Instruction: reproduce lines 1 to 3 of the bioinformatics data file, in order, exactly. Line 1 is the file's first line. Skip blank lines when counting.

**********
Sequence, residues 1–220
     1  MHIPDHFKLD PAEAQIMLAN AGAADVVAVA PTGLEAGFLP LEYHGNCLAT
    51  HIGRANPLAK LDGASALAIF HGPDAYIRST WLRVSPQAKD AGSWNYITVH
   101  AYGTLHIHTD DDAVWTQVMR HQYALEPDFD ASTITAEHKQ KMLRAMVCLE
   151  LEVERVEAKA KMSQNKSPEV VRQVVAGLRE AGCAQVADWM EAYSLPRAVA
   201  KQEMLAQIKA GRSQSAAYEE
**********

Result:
Sequence, residues 1–220
     1  MHIPDHFKLD PAEAQIMLAN AGAADVVAVA PTGLEAGFLP LEYHGNCLAT
    51  HIGRANPLAK LDGASALAIF HGPDAYIRST WLRVSPQAKD AGSWNYITVH